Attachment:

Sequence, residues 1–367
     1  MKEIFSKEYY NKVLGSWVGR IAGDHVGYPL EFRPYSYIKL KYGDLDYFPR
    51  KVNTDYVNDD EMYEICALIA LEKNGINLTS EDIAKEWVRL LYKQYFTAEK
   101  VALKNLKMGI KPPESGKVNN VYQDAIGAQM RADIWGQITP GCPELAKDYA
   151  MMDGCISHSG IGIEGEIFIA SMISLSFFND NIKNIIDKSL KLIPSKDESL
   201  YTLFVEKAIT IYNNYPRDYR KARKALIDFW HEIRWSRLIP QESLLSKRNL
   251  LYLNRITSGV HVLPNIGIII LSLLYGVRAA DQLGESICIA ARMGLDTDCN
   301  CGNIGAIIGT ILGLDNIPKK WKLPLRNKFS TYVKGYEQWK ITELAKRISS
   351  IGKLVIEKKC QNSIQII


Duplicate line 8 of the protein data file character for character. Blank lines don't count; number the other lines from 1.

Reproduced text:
   301  CGNIGAIIGT ILGLDNIPKK WKLPLRNKFS TYVKGYEQWK ITELAKRISS